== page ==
English and Modern Languages
Master of Arts (MA)
Primary Subject Area
Chinua Achebe, Language Attitudes, Nigerian Literature, Postcolonial, Sociolinguistics, Things Fall Apart
Other English Language and Literature | Race, Ethnicity and Post-Colonial Studies
Guthrie, Abigail, "Language and Identity in Postcolonial African Literature: A Case Study of Chinua Achebe's Things Fall Apart" (2011). Masters Theses. Paper 175.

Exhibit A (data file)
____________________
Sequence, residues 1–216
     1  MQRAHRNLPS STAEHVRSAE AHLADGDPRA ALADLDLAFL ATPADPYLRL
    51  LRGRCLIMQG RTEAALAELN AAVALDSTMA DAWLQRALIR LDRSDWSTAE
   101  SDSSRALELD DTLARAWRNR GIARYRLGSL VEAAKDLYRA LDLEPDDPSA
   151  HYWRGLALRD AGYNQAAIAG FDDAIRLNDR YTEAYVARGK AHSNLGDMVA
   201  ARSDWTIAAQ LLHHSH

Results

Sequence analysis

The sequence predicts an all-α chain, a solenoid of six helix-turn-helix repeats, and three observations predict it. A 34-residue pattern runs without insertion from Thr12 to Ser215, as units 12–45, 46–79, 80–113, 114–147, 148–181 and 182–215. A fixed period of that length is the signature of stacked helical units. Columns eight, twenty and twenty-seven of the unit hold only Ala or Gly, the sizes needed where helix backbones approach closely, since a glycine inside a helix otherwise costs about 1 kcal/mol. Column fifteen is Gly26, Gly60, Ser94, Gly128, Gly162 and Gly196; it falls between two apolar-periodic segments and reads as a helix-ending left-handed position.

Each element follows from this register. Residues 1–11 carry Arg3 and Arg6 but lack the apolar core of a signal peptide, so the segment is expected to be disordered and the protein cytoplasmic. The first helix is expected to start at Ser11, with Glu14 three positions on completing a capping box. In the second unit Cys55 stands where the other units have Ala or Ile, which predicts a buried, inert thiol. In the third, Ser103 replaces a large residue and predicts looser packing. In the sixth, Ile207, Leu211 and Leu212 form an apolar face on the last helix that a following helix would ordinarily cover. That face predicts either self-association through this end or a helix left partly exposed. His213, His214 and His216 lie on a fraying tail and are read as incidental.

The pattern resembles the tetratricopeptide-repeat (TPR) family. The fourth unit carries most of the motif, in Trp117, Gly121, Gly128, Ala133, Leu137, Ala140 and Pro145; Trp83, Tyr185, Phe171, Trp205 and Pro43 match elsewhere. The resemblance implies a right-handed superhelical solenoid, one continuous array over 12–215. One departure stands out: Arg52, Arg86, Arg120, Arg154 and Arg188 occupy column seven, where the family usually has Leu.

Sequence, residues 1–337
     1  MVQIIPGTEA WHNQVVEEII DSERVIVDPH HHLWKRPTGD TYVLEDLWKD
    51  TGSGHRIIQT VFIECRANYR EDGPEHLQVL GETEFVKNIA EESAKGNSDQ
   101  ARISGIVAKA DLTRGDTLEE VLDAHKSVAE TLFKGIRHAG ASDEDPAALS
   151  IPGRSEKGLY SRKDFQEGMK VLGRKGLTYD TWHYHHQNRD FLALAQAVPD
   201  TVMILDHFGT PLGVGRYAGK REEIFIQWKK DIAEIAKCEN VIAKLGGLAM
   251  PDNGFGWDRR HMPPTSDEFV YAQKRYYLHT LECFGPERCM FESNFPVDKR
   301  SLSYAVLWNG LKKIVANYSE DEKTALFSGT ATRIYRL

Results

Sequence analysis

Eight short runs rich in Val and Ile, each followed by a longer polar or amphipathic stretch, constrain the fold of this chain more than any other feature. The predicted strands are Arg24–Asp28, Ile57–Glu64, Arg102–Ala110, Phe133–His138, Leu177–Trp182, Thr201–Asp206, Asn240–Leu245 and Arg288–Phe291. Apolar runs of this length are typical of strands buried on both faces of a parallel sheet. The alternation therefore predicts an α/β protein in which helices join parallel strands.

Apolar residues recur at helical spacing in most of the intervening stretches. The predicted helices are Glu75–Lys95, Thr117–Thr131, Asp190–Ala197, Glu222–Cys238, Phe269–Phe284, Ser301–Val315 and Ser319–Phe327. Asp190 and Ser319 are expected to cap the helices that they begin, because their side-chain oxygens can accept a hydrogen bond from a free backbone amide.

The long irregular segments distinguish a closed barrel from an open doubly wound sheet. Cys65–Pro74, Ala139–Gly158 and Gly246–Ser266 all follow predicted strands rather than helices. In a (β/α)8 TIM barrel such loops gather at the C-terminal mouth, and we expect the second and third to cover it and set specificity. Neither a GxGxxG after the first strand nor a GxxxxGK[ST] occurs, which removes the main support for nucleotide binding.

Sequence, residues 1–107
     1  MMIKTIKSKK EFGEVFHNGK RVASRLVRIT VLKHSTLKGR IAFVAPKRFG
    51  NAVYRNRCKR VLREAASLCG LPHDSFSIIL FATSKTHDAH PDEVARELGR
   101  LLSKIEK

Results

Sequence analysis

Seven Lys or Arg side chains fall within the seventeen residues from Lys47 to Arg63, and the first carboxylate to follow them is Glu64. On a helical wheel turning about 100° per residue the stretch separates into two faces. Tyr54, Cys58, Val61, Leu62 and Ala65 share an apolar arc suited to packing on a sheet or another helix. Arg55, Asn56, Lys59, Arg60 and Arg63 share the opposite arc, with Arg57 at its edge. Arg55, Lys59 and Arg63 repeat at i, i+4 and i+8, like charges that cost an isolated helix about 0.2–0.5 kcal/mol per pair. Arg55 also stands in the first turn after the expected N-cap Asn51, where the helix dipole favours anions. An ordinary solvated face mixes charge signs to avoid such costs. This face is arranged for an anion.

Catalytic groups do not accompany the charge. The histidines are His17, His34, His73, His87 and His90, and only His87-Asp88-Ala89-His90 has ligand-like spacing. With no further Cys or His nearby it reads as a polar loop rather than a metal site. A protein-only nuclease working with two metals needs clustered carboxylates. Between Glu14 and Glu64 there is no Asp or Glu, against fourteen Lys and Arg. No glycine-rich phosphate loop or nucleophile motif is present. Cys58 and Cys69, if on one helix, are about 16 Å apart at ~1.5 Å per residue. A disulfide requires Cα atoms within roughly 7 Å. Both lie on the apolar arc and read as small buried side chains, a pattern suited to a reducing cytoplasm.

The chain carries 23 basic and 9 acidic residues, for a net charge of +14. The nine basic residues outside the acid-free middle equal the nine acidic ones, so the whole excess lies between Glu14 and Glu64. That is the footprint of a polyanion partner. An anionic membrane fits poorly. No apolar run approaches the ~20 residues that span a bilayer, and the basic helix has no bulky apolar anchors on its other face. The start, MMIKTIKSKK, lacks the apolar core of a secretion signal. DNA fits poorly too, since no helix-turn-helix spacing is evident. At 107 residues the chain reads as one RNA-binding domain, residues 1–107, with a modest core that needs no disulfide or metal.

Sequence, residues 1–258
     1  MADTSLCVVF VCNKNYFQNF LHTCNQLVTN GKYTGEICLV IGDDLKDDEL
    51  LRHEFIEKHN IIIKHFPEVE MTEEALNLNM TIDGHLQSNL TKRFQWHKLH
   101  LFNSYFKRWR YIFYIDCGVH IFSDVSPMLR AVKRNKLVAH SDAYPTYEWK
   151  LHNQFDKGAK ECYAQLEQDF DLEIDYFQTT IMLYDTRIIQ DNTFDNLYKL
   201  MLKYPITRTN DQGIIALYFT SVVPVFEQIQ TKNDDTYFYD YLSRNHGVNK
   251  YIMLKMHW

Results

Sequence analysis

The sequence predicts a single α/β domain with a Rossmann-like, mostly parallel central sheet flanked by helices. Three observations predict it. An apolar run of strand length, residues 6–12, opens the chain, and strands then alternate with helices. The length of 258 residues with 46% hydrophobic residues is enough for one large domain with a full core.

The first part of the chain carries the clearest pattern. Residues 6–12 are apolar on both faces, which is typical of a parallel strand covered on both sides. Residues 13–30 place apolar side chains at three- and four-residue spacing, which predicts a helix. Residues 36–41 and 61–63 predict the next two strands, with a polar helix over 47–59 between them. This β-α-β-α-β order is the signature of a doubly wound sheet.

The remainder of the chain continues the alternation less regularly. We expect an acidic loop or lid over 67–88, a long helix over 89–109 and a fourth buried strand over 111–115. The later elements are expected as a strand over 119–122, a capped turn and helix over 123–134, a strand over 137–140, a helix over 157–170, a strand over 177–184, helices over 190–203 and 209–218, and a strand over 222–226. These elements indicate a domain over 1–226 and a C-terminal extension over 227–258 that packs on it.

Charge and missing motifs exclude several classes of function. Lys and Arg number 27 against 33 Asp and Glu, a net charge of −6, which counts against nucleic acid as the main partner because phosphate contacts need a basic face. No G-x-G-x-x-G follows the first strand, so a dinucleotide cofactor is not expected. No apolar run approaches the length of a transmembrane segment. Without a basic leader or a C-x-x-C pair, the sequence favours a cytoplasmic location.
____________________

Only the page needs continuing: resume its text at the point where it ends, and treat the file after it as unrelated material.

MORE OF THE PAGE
Sociolinguists often research the development of language attitudes and the state of language within speech communities. Individual speakers reflect the status of their L1 language in both speaking and writing (Wa Thiong'o 1986, Showalter 2001), and the idea that writing can be used as a set of data that reflects an author's language attitude is the motivation for this research. Salikoko Mufwene (2001), one of the leading experts on creolization and the ecology of language, has argued that individual speakers of a language make daily choices that affect the future of their native tongue. Using the novel Things Fall Apart by Nigerian writer Chinua Achebe, this paper explores language attitudes of Post-colonial Nigerians toward English, and this author's literary and linguistic devices that reveal his own language stereotype. Post-colonial Nigeria was essentially forced into the development of Nigerian English, an English-based Creole, when Achebe's native language of Igbo was threatened by the appearance of Standard English; and in the convergence of two languages Nigerian English was formed. Achebe has been criticized for writing his novel in English, the language that many Africans see as a murderer of native African tongues. Mufwene argues that the individual is a part of every language change, and that the process of creolization begins when that speaker consciously or subconsciously retains the function words of their L1 and initiates replacement content words from the invading L2 lexicon. Contrary to Mufwene (2001), an analysis of Things Fall Apart reveals a paradoxical creolization. Achebe's process of creolization reveals a preference for his L1 content words while adopting the syntax and function words of the invading L2. The results of this paradoxical creolization reveal that although Achebe wrote his novel in the English language, he subconsciously valued Igbo content words as the preservers of his African identity, and that the future readers of African literature can benefit from the understanding of an author's language attitude.